Hop over and check them out!
In the spirit of the holiday, we decided to write briefly today about acts of kindness we have been meaning to perform, and have
recently finally performed. If, as they say, the road to hell is paved with good intentions, we took a few steps heavenwards this week by following through on our good intentions. We met in January to discuss our editorial calendar for the next few months, and thought that planning this post would put into motion all of our good intentions when it comes to committing random acts of kindness. Resolutions met! Here are some other wonderful stories of random acts of kindness.
For two years I’ve been carrying around a bookmark from The Children’s Book Bank, a charity close to my heart, but, apparently, not close to the top of my to do list, because for those same two years I’ve had bags of books waiting, waiting, waiting to be taken to them. The Children’s Book Bank collects and distributes gently used children’s books and distributes them free of charge to children who might not otherwise have a chance to own their own books. Today, they are getting a few dozen more to distribute.
Since Valentine’s Day also happens to be International Book Giving Day, won’t you please join me in hauling a bag of books to your local book bank, school, shelter or charity? It will make my terrible procrastination feel a bit less weighty if I know I have at least added to my haul by encouraging others to give, too!
I find the term “random of acts of kindness” difficult to define. Buying an unsuspecting person a cup of coffee is both random and kind and not to mention surprising for the recipient. I am sure that the receiver goes about their day with an extra spring in their step, not from the caffeine but from the generosity of a stranger.
But in my books most random acts of kindness fall squarely in the “be a good human” column and sadly, being the receiver of a “good human act” is often just as random, kind and surprising as someone buying you a cup of coffee.
Being a kind human isn’t that difficult. It’s the little things: shoveling a neighbour’s walk, bringing in your neighbour’s trash bins, sending an out-of-the-blue email to a friend letting them know how fabulous you think they are or waving a polite thank you when someone gives you the right-of-way. These are the things that make people feel appreciated and feeling good is contagious.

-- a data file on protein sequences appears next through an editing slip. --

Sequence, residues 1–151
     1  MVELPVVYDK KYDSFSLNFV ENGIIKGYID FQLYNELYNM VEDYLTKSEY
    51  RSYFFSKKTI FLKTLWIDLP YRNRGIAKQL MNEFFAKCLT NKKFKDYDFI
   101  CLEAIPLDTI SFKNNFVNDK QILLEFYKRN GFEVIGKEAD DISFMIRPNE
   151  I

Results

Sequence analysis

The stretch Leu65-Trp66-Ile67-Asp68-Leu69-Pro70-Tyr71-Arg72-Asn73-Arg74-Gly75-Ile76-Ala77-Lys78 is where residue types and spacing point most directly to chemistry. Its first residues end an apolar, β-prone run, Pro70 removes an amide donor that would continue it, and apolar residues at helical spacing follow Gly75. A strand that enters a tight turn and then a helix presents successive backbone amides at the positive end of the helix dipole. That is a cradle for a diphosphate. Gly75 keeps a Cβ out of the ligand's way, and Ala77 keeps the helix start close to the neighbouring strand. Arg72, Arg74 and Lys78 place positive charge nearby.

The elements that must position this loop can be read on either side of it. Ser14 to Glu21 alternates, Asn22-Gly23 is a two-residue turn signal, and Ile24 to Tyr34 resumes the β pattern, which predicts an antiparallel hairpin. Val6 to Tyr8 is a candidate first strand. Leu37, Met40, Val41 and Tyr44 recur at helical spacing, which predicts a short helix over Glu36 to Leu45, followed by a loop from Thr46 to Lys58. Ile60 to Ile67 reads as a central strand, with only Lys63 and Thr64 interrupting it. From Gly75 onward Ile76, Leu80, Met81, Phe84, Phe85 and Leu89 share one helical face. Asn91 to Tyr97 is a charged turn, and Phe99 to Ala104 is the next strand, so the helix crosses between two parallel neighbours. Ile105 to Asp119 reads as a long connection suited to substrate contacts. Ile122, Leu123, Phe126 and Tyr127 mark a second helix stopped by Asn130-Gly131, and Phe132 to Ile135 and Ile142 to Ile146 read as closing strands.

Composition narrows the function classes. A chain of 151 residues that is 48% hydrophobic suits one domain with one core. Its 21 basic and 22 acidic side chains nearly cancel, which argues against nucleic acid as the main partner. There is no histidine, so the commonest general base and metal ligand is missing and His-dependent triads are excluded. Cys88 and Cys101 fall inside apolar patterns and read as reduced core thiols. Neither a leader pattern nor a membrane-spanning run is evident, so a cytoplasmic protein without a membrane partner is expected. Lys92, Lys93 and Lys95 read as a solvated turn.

In the midst of the polar vortex, with the sidewalk slick with inches-thick ice, I happened upon an elderly woman pushing her grocery buggy tentatively on the sidewalk, using the handle for balance. I pulled my car to the side, much to the confusion of my son, and rushed to the woman’s side. Together we navigated the buggy to a stretch of cleared sidewalk where it was safe for her to make her way home.
The woman was shocked that I had stopped my car to help her and her thank you was so genuine, it reminded me of the weight those words can carry. However, it was what she said next that filled me with a deep sense of gratitude: God bless you!
I am not an overly religious person, but it was the way she said those words, with such feeling and authenticity that made me feel worthy, appreciated and valued.
I’m into honesty (maybe a bit too much), so I’ll tell you that I googled “random acts of kindness” when 4Mothers decided to write about it. At first I considered this a testimony to how lost the art of kindness may be, that I needed to “research” examples. As it turns out though, most suggestions for performing random acts of kindness is just a long way of saying “good”.
To put a little extra intention into “good”, I took into account the distinction of today, and tried to think of who might benefit from a good valentine but wouldn’t ordinarily receive one from me. Two people came to mind: a friend whose husband has gone overseas to say goodbye to his ailing sister, and a friend whose long-term relationship is ending and for whom the day will not be especially celebratory.
With the help of my oldest son, I made a three-layer peppermint bark (not nearly as well as the first time I tried it, I might add), but with enough heart that I hope it’s decent enough to be given away. I have no idea whether this sugar treat will be eaten by the intended recipients, although their children may enjoy them well enough. But it almost doesn’t matter; in truth, it’s me who needs to give them something, and whatever its contents, I hope the package tells them that someone is holding them in their thoughts.
It’s this that makes me wonder whether an act of kindness can ever really be random. What creates the kindness is the intention behind it, whether it’s long pre-meditated or spontaneous. It’s the difference between good luck (also nice) and a good turn.
And the icing on the peppermint bark is realizing consciously and joyfully how much kindness is sent my way, be it an unexpected card in the mail, the woman at the restaurant who commented on how well-behaved my boys were (true story), the pediatrician who cast no impatient glances when those same boys crawled all over her office and my youngest threw a slipper at (and hit) her, and the driver who didn’t honk even though I probably shouldn’t have made that turn.
With this in mind, we wish you lovely valentine vibrations that we hope will carry you through the day and well beyond. Happy Valentine’s Day!